Submerged vegetation is to bass as politics is to lying — you won’t find one without the other.
That means when a nice, thick grass bed forms on pretty much any body of water, bass anglers will be punching soft-plastics through the mats.
But what’s the key to narrowing down the focus when faced with a largely monotonous-looking stretch of cover?
Caleb Sumrall said it’s all about observation.
“Any variation in a mile of the same thing is what these fish want,” Sumrall said.
That could mean points along the edges of the grass bed or isolated spots of grass separated from the main vegetative body.
It could also mean some anomaly in the heart of the vegetation mat.
“Any time you get two types of grass, you want to fish that,” Sumrall said.
Of course, this also is true if a piece of wood has been swallowed by the mat.
And surface vegetation — namely hyacinths — is just a bit of icing on the cake, Sumrall said.
“I’ll tell you a secret about fishing hydrilla: Any time you see hyacinths on top and it’s stationary, there’s a hole in the hydrilla,” he said. “You want to fish that.”
Paying attention to every detail, even the color of your line, is also important.
“There’s no such thing as over-meticulous — there’s not,” Sumrall said. “I try to pay attention to everything.”
Here’s a rundown of Sumrall’s basic punching rig:
• Line — You can’t get away without braid, and this angler ensures his line is hefty enough to handle the rigors of thick salad. Sixty-pound braid is his preference.
• Weight — Leave the 1/4- and 3/8-ounce — and maybe the 3/4-ounce — weights at home. Effectively punching vegetation means going heavy.
Sumrall uses 1- to 11/2-ounce tungsten weights to drill holes in the mats under which bass hide.
Exactly how heavy, though, isn’t all related to getting through the green stuff, however. Sometimes he goes with a heavier weight than punching through the mat calls for.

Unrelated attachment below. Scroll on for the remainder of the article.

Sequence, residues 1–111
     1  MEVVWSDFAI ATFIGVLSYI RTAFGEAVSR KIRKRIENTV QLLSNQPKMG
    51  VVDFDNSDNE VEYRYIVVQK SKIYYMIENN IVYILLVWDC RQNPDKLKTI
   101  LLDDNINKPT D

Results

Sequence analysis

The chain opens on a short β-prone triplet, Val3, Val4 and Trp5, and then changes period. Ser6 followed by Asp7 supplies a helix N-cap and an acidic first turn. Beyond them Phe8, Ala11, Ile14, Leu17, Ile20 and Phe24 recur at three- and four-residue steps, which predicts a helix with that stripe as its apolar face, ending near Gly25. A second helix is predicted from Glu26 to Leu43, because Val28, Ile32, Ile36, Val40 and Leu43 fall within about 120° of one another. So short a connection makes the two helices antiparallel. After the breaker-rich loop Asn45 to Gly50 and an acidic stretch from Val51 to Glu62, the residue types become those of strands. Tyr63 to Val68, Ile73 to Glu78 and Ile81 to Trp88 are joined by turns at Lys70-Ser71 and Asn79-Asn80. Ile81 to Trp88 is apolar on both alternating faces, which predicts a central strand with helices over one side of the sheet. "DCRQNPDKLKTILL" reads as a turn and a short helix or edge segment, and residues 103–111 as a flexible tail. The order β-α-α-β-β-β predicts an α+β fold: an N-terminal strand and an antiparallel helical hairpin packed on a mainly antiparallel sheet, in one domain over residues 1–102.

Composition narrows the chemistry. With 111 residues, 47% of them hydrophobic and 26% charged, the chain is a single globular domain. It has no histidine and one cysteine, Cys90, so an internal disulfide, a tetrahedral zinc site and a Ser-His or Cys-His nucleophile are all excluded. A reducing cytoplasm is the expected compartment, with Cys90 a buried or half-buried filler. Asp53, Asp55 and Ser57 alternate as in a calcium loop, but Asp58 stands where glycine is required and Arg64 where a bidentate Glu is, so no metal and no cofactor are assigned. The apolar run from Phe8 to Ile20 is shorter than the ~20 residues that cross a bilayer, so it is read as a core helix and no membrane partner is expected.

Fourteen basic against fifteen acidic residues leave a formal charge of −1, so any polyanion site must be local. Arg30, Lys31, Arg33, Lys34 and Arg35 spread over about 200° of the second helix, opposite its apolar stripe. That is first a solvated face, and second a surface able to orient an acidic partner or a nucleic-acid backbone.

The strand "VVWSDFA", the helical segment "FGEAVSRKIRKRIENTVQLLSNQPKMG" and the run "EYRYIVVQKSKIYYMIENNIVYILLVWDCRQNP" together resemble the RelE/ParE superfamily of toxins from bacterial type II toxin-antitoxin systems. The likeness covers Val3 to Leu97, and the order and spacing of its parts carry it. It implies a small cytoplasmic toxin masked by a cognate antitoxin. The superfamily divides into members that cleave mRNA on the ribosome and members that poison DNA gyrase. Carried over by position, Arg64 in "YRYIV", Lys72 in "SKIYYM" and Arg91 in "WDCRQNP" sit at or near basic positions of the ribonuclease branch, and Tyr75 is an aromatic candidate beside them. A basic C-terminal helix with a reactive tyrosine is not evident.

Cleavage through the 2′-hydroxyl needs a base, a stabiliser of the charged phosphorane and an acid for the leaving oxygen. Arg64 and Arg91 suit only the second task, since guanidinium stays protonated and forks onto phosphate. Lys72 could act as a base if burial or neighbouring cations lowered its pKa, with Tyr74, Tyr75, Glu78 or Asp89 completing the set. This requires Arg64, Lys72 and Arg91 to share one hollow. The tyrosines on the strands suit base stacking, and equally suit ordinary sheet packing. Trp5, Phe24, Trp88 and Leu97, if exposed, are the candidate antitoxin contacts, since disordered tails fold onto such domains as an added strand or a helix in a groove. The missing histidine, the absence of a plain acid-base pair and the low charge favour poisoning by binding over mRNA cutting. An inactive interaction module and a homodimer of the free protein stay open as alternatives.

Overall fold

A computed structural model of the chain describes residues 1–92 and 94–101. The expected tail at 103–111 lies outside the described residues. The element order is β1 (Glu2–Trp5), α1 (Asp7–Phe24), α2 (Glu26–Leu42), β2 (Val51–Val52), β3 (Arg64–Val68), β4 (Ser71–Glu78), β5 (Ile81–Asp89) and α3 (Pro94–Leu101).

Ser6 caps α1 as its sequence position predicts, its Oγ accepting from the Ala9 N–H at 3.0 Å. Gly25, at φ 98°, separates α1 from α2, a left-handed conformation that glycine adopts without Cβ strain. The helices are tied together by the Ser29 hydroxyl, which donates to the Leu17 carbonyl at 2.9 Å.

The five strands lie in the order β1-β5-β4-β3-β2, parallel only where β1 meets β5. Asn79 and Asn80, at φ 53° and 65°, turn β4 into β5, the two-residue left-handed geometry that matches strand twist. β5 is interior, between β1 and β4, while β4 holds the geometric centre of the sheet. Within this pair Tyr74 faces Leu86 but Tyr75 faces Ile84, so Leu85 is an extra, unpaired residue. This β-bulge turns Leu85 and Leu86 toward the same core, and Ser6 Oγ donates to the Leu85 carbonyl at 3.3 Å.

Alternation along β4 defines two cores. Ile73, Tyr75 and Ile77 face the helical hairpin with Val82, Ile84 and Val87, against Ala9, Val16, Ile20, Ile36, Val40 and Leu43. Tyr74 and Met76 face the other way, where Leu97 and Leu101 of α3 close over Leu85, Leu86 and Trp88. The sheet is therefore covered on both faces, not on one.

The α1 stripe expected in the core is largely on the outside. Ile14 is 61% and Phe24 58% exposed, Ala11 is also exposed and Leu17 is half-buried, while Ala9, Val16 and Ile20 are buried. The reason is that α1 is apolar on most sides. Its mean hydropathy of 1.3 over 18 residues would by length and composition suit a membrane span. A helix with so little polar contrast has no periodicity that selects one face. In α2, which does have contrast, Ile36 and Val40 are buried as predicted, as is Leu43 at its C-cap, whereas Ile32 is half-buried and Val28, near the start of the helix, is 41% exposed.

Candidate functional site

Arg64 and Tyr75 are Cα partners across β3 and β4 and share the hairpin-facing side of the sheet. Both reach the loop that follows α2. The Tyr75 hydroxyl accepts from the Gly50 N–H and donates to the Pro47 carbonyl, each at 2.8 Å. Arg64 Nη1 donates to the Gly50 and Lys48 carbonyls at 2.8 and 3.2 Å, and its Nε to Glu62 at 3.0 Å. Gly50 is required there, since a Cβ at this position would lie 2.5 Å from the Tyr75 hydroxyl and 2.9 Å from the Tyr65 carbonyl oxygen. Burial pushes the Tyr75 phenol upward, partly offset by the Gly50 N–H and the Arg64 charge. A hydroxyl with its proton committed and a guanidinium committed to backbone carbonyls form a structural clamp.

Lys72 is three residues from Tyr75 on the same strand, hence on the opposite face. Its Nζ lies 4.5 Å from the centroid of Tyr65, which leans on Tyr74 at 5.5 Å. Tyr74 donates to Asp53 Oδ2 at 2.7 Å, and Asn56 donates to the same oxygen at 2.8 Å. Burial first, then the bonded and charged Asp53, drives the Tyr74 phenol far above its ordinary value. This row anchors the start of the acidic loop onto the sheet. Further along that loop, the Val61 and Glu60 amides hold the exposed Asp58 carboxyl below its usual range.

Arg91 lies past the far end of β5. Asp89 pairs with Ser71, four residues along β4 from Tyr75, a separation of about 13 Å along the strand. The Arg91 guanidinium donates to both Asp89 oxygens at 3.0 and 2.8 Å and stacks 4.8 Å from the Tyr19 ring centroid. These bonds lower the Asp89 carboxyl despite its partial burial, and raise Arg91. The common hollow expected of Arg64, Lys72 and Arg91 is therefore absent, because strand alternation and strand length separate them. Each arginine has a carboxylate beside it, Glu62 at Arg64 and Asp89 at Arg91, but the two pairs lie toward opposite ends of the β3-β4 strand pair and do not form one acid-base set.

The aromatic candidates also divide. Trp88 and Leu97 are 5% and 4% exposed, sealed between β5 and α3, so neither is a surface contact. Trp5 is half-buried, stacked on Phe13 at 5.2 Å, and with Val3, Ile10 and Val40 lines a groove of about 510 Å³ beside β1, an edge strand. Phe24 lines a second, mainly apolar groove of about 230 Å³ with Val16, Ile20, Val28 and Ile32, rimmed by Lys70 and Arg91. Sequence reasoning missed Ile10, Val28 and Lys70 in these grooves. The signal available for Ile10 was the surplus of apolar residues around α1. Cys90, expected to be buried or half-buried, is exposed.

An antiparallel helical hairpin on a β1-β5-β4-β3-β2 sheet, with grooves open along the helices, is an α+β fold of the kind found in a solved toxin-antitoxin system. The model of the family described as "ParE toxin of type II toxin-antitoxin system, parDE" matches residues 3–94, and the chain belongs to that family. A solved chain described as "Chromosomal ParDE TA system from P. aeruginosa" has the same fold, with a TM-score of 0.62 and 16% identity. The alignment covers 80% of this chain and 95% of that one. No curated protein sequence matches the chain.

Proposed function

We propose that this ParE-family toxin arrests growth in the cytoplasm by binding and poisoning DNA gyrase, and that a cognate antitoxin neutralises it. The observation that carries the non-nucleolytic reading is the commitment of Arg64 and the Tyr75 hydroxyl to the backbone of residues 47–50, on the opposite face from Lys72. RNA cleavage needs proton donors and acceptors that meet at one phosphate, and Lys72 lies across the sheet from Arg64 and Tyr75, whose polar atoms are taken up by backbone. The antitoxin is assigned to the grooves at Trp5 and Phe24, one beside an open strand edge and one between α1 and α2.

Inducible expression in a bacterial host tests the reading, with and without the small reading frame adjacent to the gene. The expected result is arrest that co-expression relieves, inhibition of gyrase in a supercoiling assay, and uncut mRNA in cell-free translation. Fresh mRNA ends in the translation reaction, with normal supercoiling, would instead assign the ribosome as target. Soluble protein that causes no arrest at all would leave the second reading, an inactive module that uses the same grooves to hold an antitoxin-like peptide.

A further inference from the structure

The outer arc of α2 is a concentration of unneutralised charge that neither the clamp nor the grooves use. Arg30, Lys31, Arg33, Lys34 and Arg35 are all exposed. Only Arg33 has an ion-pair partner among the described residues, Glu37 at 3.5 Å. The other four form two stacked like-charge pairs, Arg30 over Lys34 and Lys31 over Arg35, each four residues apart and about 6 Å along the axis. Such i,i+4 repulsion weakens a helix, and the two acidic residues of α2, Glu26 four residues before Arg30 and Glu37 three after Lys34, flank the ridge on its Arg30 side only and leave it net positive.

The key is what triggers bites, and that often comes down to how fast a lure moves from the mat to the water bottom.
“That’s the No. 1 thing with punching — finding the rate of fall the fish want,” Sumrall said.
• Peg it — If you aren’t pegging your weight, the odds are you won’t catch fish.
Using pegs keeps the weight from slipping through the grass while your lure sits on top, unseen by any bass.
Sumrall orders rubber bobber stoppers like 6th Sense Peg X stoppers from Tackle Warehouse, but Bass Pro and Cabela’s also carry versions.
• Hooks — Sumrall said this is a job for a stout, straight-shanked hook. His preference is a VMC flipping hook sized to fit the lure he fishes on a given day.
This hook has a built-in keeper that really tags soft-plastic lures in place so you don’t have to worry about it pulling down the shank.
• Lure — Beaver-style baits are this angler’s go-to. Specifically, he prefers a Missile D Bomb, which he insists is a fish-catcher.
“When I won that (Louisiana) Sportsman tournament (in 2014), I was in a community hole; there were 10 boats on my starting spot,” Sumrall said. “I caught 20 pounds versus 10 pounds — that was the difference in that tournament.
“You would think it would catch a lot of grass, but it goes through easily.”
Sure, if you have a secret spot no one knows about (and there are a lot of those today, right?), you can punch pretty much anything you want and catch fish. But Sumrall said D-Bombs have a tendency to produce on pressured areas.
• Lure color — Sumrall chooses the color according to the primary bait on which fish feed.
“I like darker colors — something that mimics crawfish — in the (Atchafalaya) Basin,” he explained. “If I go to Toledo Bend, I’m a green pumpkin fanatic because there’s so many bluegill over there.”